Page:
Bibb lettuce was developed in France in the late 1800s by a farmer named Jean-Marie Janvier and the variety became popular in the United States in the early 1900s. Bibb lettuce is a butterhead type known for its buttery, soft texture and mild flavour. The heads of Bibb lettuce are small to medium in size, about 4-6 inches wide, round in shape, with loose, ruffled leaves that form a ‘’bibb’’ at the base. The leaves can be harvested individually as needed or the whole head can be cut off at the base. Try Bibb lettuce in a strawberry salad with balsamic vinegar, olive oil and honey or in a delicious BLT sandwich.
Lettuce is the cornerstone of many great salads. And with so many varieties to choose from, why not grow your own and make a custom greens mix?
Lettuce seeds can be directly sown as soon as the garden can be worked and the soil reaches at least 4°C. Seeds will germinate best between 13 and 18°C. If you want to get a head start, seeds may be started indoors 4-6 weeks before the last spring frost. Plant in flats 1 cm deep, every 3 cm. Thin seedlings to 25 cm apart when they have 3-4 true leaves.
Lettuce likes sunny spots, but will tolerate some shade, especially in the hot summer months. Make sure the soil is loose and well drained. If sowing directly, pay extra attention to the consistency of the soil. Because of the seed’s small size, the bed should be well tilled and free of any debris. Transplant when seedlings have 4-6 true leaves and a well-established root system. Water thoroughly after transplanting.
Spacing in the garden is dependent on the type and variety of lettuce. If leaves become wilted, you can be sure that water is needed. Sprinkle the leaves with water anytime of day and keep the soil evenly moist. If needed, use row covers or shade cloth to shelter from the sun and prevent drying out. You can also map out the garden so that the lettuce will be shaded by some taller crops.
Mulch around the plants to keep the shallow roots cool and moist. If weeds do emerge among the lettuce, promptly and carefully remove them. Don’t let heads surpass their readiness date, leaves will become tough and bitter. Refer to the specific instructions for your variety.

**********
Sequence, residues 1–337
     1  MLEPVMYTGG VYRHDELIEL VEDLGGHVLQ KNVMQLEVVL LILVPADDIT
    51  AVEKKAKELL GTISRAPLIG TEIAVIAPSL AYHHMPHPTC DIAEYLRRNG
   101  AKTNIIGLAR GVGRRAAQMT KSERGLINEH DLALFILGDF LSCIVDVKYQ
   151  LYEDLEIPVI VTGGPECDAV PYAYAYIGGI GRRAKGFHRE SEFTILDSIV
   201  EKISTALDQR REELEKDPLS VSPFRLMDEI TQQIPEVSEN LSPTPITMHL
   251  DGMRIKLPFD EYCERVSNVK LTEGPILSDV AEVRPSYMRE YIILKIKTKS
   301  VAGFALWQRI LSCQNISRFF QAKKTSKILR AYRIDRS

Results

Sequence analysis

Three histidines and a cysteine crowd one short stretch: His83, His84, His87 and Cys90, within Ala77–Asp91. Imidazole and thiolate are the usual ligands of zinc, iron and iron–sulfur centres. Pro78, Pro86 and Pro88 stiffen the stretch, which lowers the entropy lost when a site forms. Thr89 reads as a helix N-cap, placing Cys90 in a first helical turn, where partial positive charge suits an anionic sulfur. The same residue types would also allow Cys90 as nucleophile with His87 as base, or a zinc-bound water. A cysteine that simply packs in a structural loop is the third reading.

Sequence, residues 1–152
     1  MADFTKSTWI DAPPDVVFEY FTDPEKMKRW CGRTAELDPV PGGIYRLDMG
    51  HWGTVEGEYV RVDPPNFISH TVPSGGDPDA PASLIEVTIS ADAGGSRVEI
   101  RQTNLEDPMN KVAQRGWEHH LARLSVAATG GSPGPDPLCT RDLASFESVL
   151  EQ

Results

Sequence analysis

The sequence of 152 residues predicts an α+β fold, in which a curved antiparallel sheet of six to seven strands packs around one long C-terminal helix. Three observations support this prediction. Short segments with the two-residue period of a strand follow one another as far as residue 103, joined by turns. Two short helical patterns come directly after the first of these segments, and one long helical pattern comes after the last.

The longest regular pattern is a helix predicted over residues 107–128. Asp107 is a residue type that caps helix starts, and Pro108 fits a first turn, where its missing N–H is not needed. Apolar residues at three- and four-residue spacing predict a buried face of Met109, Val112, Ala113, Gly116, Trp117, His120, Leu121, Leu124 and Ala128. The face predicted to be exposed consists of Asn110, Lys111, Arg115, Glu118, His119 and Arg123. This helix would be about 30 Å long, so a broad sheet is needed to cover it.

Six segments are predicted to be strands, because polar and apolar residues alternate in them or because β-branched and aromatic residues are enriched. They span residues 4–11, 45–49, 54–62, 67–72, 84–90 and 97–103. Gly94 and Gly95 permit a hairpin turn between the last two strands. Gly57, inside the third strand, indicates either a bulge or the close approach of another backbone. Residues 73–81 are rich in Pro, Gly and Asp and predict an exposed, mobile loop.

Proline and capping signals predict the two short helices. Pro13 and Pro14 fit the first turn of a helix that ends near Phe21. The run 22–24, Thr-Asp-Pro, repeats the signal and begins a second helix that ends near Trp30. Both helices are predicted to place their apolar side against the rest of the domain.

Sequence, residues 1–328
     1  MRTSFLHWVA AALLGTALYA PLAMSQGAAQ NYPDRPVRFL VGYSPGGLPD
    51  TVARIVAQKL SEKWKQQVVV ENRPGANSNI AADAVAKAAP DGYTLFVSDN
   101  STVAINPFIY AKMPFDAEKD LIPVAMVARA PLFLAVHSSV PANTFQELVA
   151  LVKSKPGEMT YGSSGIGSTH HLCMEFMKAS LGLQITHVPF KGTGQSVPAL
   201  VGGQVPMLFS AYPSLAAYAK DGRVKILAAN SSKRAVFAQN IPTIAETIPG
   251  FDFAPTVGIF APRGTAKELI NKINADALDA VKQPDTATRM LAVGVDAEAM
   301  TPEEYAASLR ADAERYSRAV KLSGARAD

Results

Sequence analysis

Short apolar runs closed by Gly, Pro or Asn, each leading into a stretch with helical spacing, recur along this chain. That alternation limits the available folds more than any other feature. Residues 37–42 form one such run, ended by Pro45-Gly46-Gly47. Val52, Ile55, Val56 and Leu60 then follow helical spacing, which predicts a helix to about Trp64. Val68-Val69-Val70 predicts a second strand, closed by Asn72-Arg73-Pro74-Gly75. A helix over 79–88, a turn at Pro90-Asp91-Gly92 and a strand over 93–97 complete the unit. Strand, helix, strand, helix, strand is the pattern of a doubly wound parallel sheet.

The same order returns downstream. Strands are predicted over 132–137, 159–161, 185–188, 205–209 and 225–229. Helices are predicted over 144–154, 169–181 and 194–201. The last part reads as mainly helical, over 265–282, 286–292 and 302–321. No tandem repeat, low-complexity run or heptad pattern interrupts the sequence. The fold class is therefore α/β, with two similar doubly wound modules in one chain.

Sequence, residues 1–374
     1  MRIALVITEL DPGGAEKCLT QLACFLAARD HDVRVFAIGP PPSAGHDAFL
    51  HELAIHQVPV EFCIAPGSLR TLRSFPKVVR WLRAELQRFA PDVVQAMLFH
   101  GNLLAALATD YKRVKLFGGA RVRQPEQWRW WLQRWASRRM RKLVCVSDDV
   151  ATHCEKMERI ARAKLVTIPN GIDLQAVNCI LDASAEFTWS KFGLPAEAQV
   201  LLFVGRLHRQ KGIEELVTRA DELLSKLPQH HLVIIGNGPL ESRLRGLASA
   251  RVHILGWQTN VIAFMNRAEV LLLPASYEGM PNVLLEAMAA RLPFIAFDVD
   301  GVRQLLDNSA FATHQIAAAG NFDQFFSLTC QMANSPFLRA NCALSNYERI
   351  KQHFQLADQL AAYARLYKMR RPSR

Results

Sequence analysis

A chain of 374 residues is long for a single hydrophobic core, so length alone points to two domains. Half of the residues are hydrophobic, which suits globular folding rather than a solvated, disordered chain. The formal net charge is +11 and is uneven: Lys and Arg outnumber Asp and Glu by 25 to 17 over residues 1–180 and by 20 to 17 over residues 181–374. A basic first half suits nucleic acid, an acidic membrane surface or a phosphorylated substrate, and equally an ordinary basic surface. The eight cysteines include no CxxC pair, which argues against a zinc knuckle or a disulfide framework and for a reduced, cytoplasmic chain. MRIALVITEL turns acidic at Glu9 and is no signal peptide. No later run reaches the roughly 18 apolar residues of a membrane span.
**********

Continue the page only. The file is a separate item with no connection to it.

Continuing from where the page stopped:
Loose leaf, butterhead and romaine types can be harvested by collecting the outer leaves and allowing the centre to continue growing. Crisp head lettuces should be cut whole when the heads are full and dense. The morning is the best time to harvest, leaves will be crisp and fresh.
- Lettuce was first cultivated in ancient Egypt for the production of oil from its seeds. This plant was then selectively bred by the Egyptians for its edible leaves as early as 3,000 BC. The domestication of lettuce over the millenniums has resulted in several changes: delayed bolting, larger seeds, larger leaves and heads, better taste and texture, and different leaf shapes and colours.
- Lettuce is a cool-weather crop so it needs partial shade during the hot summer months or the leaves need to be misted on hot days.
- Allow enough space between the seeds to grow as overcrowding can cause lettuce to turn bitter.
- There are four main types of lettuces: crisphead, butterhead, romaine and loose-leaf.
- Lettuce seeds will remain viable for 4 years if stored in a cool, dark place, ideally between 4 and 10⁰C. After that, the germination rate may start to go down.
OUR SEED GUARANTEE
You know that a lush, fruitful garden needs good soil, frequent watering, and sunlight to grow, but it’s the seeds that really make the harvest.
Picked and bagged for 2023 the vast majority of our seeds have germination rates of over 85%. The seeds are all-natural, non-GMO, non-hybrid, untreated, and open-pollinated for seed saving.
We have put a lot of thoughts into the design and packaging of our seed packets. Our seeds are all carefully packed in food grade kraft paper/aluminium zipper lock bags, and then are shipped in eco-friendly padded mailers.
We heat-seal each of our seed packet for even more protection from moisture, odour and light, allowing you to store your seeds for up to 3x longer than paper or plastic. Plant them all, germinate some indoors, save some for next season - it’s up to you!